Form follows function. One of the common tasks of geoscientists is constructing a reservoir's morphology, its shape and configuration in relation to the larger tectionic fabric it is encased within.

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Victor Schmidt • Houston


Form follows function. One of the common tasks of geoscientists is constructing a reservoir's morphology, its shape and configuration in relation to the larger tectionic fabric it is encased within. Acoustic methods work well for mapping horizons, and in some cases, for defining the gross morphology of reservoirs beneath the mapped horizons. Some of the most striking examples are the definition of channels using coherence techniques and 3D visualization advances that permit geobodies to be defined and analyzed individually.

But, for all the imaging power now available, acoustic methods cannot yet reveal the grain size distribution and porosity/permeability relationships within a reservoir. To get to this level for reservoir engineering and modeling, direct geological knowledge is needed. Well logs, sidewall cores, and whole cores are necessary to determine the porosity and permeability character of the reservoir.

Detailed study of these samples yields insight into the internal structures of the reservoir: bedding angles, sedimentation patterns, grain types, and distribution. But, these are only data points within the larger geobody and cannot provide full geobody morphology.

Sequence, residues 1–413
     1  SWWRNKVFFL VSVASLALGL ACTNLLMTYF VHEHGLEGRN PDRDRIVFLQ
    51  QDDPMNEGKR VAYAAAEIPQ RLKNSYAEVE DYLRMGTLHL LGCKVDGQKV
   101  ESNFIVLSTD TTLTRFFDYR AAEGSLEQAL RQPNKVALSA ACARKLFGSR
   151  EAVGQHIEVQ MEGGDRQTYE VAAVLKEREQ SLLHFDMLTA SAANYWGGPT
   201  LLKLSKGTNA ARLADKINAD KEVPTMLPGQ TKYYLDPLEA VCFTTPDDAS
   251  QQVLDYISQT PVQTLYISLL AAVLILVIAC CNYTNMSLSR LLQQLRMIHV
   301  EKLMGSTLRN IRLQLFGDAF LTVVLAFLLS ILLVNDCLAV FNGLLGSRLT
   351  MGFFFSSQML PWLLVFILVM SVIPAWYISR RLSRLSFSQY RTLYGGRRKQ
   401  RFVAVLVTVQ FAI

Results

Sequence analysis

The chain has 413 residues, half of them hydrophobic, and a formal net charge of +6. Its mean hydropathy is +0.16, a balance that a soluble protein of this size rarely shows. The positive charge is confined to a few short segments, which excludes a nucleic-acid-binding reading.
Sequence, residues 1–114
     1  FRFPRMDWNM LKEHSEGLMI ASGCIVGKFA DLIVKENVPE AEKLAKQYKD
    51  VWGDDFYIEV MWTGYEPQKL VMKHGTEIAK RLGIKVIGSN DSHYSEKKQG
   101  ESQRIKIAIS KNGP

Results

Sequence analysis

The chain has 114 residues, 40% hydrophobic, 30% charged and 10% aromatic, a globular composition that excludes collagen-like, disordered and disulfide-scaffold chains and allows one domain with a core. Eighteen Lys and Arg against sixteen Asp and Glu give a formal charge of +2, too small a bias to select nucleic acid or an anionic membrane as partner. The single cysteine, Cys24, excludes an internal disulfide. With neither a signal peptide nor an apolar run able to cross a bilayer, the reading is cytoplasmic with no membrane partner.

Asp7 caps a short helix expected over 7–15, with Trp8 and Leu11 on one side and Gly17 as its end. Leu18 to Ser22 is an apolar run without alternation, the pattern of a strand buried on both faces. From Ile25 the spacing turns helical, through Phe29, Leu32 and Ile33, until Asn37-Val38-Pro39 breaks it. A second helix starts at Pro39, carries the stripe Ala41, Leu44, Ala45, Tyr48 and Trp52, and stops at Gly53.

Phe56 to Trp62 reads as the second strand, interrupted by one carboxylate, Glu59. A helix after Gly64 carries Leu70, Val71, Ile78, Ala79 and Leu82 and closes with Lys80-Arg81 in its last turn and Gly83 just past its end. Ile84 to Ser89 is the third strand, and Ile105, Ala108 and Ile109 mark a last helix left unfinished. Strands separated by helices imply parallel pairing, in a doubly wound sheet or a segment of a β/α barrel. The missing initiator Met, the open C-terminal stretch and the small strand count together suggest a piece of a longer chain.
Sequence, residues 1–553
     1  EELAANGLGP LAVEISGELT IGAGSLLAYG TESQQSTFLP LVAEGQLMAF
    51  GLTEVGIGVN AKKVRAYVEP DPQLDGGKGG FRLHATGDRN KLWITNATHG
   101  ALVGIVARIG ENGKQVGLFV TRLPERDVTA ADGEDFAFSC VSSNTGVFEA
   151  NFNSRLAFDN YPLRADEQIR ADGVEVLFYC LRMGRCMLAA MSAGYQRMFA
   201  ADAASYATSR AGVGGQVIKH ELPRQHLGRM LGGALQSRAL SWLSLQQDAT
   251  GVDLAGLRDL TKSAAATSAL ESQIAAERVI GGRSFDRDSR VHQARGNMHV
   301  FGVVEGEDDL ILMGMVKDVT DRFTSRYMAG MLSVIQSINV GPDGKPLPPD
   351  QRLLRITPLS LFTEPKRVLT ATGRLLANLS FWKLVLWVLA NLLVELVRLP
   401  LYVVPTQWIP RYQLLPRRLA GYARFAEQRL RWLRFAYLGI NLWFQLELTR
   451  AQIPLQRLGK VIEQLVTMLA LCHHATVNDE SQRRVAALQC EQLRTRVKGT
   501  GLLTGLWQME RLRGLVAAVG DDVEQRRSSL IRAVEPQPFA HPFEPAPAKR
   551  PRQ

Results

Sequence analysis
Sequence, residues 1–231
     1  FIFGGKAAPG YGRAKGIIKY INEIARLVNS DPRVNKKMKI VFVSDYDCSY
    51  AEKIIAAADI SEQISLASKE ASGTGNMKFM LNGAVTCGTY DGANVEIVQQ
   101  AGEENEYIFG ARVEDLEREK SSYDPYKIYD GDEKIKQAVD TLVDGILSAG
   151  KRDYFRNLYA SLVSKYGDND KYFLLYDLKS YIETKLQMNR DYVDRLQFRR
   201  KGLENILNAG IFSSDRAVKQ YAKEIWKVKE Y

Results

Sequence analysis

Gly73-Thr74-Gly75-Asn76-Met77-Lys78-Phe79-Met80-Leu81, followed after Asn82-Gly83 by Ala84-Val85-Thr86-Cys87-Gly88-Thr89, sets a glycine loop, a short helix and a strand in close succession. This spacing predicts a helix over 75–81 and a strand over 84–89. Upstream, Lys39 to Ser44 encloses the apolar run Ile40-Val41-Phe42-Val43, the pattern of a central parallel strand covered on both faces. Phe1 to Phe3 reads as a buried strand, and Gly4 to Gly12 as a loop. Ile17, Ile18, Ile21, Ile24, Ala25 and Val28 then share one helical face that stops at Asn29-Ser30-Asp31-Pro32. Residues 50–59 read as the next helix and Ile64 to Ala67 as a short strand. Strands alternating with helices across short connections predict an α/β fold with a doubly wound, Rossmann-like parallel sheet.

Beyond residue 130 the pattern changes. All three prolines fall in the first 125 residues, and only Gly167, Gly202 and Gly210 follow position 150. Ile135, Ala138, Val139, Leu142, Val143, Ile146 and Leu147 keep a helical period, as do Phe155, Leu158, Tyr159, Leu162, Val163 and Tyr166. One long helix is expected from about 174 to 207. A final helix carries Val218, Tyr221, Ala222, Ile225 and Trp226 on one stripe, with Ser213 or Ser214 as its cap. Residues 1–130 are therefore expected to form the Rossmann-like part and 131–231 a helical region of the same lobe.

Point samples don't provide information on the mid-level morphology of structures that control production. To do this, a geoscientist must provide an engineer with a geologic model of the reservoir at the scale of production. A way must be developed to bridge the seismic scale (+/- 200 ft) and the well log scale (+/- 1 ft).

ExxonMobil Upstream Research has found such a link. John Van Wagoner and his colleagues at EMUR presented their findings at the American Association of Petroleum Geologists meeting earlier this year in a series of poster sessions. Van Wagoner's group has recognized a fundamental principle, the jet, that is active in all sediment transport systems and is scalable across all sizes of geologic structures. Because the principle is scalable, a new level of predictability is now available for geoscientists to begin bridging the scale gap among geophysical, geologic, and engineering tools. Sediment flute structures scale upward to point-mouth bars, which scale upward to deltaic structures.

Seismic stratigraphy and seismic attribute volumes are both attempts to delineate geobodies and their internal character. These techniques can only give a general answer about the reservoir character and are not specific enough for detailed reservoir modeling. The next step, possible with the EMUR work, is to backward-model the flow regimes that created the geobody. Knowing the flow states allows the rock data from logs and cores to be forward-modeled into a geobody's unique morphology. This detail model then identifies the best porosity and permeability trends in the geobody for optimal well placement, making the drilling and production cycle more efficient.